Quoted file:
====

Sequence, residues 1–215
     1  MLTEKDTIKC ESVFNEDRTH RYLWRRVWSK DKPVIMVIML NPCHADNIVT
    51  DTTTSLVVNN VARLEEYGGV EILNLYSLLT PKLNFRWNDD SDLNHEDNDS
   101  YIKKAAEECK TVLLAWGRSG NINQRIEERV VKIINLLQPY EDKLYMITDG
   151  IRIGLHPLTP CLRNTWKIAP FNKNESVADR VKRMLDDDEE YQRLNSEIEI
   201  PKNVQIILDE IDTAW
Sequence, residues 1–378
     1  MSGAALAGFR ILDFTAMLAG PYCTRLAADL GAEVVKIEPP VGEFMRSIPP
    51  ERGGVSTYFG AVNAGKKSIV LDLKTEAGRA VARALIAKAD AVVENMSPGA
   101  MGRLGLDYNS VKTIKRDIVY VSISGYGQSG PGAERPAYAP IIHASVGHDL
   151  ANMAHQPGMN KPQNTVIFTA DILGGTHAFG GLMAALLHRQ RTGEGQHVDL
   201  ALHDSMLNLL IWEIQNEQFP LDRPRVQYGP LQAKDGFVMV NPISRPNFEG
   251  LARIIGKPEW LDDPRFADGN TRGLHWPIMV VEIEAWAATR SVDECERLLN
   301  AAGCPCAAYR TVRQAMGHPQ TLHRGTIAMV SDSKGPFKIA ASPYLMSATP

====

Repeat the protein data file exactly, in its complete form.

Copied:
Sequence, residues 1–215
     1  MLTEKDTIKC ESVFNEDRTH RYLWRRVWSK DKPVIMVIML NPCHADNIVT
    51  DTTTSLVVNN VARLEEYGGV EILNLYSLLT PKLNFRWNDD SDLNHEDNDS
   101  YIKKAAEECK TVLLAWGRSG NINQRIEERV VKIINLLQPY EDKLYMITDG
   151  IRIGLHPLTP CLRNTWKIAP FNKNESVADR VKRMLDDDEE YQRLNSEIEI
   201  PKNVQIILDE IDTAW
Sequence, residues 1–378
     1  MSGAALAGFR ILDFTAMLAG PYCTRLAADL GAEVVKIEPP VGEFMRSIPP
    51  ERGGVSTYFG AVNAGKKSIV LDLKTEAGRA VARALIAKAD AVVENMSPGA
   101  MGRLGLDYNS VKTIKRDIVY VSISGYGQSG PGAERPAYAP IIHASVGHDL
   151  ANMAHQPGMN KPQNTVIFTA DILGGTHAFG GLMAALLHRQ RTGEGQHVDL
   201  ALHDSMLNLL IWEIQNEQFP LDRPRVQYGP LQAKDGFVMV NPISRPNFEG
   251  LARIIGKPEW LDDPRFADGN TRGLHWPIMV VEIEAWAATR SVDECERLLN
   301  AAGCPCAAYR TVRQAMGHPQ TLHRGTIAMV SDSKGPFKIA ASPYLMSATP